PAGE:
Preventing Shoulder Injury
While swimming is, in theory, a relatively injury-free sport, the one area of the body susceptible to swim issues is the shoulder. Prehab exercises strengthen the areas of the body that are the most vulnerable to stresses from everyday movement. By strengthening these muscles, posture and alignment can be improved and the stresses of repetitive exercise mitigated.
Physiotherapist and former national team swimmer Matt Rose has created a prehab program that targets the rotator cuff and bicep tendon to protect the shoulder from injury. Prehabilitation focuses on strengthening supporting muscles to facilitate proper biomechanics in movement to avoid the necessity of rehabilitation.
The constant rotation of the shoulder joint during swimming puts stress on the muscles of the rotator cuff which is comprised of four small muscles: the supraspinatus, infraspinatus, teres minor and subscapularis. Focused work on these muscles is more effective for maintaining shoulder health than heavier weights for the larger prime mover muscles in the shoulders as the limitation for most triathletes is not brute strength, but correct motor patterns and f lexibility. “Most shoulder injuries occur after a long break or during a build in volume (the steeper the build the more likely to injure),” explains Rose. “These exercises are key during the off season and build ups in training,” he continues.
The only equipment required is either rubber tubing or resistance bands. Attach one end of the tubing to a door or fixed object so that the band will be at approximately waist height. Rose advises athletes to “lock the shoulders gently down and back – about 90 per cent down and 10 per cent back.” This lock should happen with each repeat followed by an “unlock” of the blades to program the proper pattern.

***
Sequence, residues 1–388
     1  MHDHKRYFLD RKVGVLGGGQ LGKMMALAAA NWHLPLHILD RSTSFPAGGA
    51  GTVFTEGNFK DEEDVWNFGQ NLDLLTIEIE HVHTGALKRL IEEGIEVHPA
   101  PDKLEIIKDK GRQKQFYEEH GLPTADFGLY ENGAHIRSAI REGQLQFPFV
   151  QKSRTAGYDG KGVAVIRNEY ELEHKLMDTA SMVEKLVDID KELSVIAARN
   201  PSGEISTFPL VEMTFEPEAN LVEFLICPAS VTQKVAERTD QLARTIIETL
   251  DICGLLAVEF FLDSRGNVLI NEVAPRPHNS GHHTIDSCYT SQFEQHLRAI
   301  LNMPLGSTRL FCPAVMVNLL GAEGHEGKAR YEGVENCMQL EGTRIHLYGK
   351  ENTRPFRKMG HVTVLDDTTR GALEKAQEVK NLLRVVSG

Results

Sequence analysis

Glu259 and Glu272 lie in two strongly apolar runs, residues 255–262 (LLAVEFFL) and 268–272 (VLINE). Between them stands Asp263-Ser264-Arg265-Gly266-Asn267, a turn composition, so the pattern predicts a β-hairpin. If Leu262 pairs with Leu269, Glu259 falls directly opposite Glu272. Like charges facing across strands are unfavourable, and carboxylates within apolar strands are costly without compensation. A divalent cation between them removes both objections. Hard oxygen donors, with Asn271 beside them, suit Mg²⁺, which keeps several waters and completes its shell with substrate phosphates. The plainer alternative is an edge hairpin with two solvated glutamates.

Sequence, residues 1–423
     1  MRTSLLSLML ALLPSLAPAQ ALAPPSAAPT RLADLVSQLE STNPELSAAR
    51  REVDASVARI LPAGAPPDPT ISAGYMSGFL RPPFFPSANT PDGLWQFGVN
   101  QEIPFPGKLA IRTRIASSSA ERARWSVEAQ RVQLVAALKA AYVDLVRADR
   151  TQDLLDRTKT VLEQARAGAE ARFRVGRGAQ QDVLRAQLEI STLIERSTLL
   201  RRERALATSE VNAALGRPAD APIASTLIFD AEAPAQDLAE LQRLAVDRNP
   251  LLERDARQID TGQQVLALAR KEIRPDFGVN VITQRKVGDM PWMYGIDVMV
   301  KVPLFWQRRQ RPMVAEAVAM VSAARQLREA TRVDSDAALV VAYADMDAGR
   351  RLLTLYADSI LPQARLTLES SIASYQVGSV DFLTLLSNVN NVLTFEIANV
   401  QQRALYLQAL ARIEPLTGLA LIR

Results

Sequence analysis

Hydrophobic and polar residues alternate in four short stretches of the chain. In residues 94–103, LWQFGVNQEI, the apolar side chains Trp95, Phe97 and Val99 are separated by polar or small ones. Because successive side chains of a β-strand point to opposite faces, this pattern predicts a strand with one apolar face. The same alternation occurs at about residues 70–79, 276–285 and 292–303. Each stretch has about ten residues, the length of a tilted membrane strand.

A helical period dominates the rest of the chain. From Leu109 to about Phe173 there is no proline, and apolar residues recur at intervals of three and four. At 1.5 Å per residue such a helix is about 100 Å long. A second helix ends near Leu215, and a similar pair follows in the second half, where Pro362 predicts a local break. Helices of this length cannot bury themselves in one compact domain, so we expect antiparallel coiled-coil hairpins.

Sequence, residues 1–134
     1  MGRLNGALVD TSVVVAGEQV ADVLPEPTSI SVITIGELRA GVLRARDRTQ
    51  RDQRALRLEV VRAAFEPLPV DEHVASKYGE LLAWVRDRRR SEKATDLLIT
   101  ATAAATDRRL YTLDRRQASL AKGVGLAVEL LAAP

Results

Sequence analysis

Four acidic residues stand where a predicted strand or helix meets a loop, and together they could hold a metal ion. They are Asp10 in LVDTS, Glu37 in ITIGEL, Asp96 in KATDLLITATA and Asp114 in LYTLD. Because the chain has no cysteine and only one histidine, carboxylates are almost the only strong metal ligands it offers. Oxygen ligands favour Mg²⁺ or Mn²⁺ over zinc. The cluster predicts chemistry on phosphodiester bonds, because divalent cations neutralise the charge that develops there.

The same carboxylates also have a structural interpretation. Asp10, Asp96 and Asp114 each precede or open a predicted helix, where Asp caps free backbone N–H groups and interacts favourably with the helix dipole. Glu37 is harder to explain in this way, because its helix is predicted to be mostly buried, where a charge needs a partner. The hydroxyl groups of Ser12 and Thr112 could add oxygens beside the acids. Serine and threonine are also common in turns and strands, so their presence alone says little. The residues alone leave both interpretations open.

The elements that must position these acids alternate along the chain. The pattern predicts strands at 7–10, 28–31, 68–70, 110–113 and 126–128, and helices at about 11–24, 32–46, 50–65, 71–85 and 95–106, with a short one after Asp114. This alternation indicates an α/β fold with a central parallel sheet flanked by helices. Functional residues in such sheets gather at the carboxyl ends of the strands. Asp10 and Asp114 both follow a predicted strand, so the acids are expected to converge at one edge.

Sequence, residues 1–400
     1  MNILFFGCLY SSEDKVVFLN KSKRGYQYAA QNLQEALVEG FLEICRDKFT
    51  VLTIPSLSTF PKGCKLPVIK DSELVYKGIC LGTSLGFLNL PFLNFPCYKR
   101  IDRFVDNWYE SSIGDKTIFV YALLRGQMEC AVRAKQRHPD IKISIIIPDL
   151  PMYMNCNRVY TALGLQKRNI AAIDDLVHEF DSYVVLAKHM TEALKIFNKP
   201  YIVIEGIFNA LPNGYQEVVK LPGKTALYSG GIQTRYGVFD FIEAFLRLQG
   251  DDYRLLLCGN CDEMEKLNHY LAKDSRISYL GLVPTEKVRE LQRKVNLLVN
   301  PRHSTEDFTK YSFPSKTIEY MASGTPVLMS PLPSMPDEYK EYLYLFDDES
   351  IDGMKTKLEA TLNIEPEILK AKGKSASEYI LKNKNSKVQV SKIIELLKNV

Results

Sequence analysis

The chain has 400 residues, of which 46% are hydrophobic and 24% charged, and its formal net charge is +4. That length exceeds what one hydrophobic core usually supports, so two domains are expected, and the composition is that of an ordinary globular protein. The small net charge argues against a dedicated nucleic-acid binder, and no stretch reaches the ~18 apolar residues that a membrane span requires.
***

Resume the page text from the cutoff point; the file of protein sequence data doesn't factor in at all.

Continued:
Begin the exercise locking the shoulder blades down and back. The key is to not allow any movement in the shoulder blade when rowing with the arm. While holding the tubing or pulley in one hand, you will first lock your shoulder blade. While maintaining the lock, pull the arm back until the elbow is bent to 90 degrees and return forward to the starting position, followed by unlocking the blade (relax between each rep). The shoulder blade moves to position before the arm pulls back and remains locked when the arm returns forward.
Internal and External Rotation
With each rep of internal and external rotation you will lock the shoulder blade ( before) and unlock it (after). For external rotation, lock the elbow at your side, bent at 90 degrees, standing straight. Lock the shoulder blade down and back, pull the arm the furthest from the anchor point away from the body. Pull the tubing directly away from your body, keeping your elbow anchored to your side. The motion is like a gate opening and closing. Continue for one minute and work towards two minutes per side.
For internal rotation, stand perpendicular to the anchor point and grasp the tubing with the hand closest to the anchor. Take one lateral step away to put resistance on the band. With the elbow held close to the body, rotate the arm away from the anchor point towards the body then return to the starting point for internal rotation. Remember to lock and unlock the blade with each rep. Start with one minute. Work towards two minutes per side for each direction.
Rose suggests taking about three seconds to move in each direction for a slow controlled movement.
Begin in a plank position or the start of a push-up position. While keeping elbows locked straight, raise up as high as possible and lower down slowly in between your shoulder blades, all without bending the arms. Moving the hand position around can make this exercise more or less challenging. For instance, try staggering the arms forward and back or make them wider apart. Remember to keep the shoulders down, away from the ears and the arms straight for this exercise. Start with 20 repetitions.
Training the correct movement pattern is the key to prehab exercises. Focus most of your attention on quality over quantity.